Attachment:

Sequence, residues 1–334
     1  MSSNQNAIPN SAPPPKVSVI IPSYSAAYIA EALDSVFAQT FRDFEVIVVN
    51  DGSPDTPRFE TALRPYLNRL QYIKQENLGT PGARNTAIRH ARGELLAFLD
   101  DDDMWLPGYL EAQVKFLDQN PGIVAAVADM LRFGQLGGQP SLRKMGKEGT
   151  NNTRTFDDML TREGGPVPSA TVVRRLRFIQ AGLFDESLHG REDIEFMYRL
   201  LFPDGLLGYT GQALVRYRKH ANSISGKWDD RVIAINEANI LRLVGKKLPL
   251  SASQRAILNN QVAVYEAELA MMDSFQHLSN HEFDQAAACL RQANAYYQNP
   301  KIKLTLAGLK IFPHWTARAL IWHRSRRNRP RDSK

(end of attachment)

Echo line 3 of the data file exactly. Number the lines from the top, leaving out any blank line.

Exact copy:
    51  DGSPDTPRFE TALRPYLNRL QYIKQENLGT PGARNTAIRH ARGELLAFLD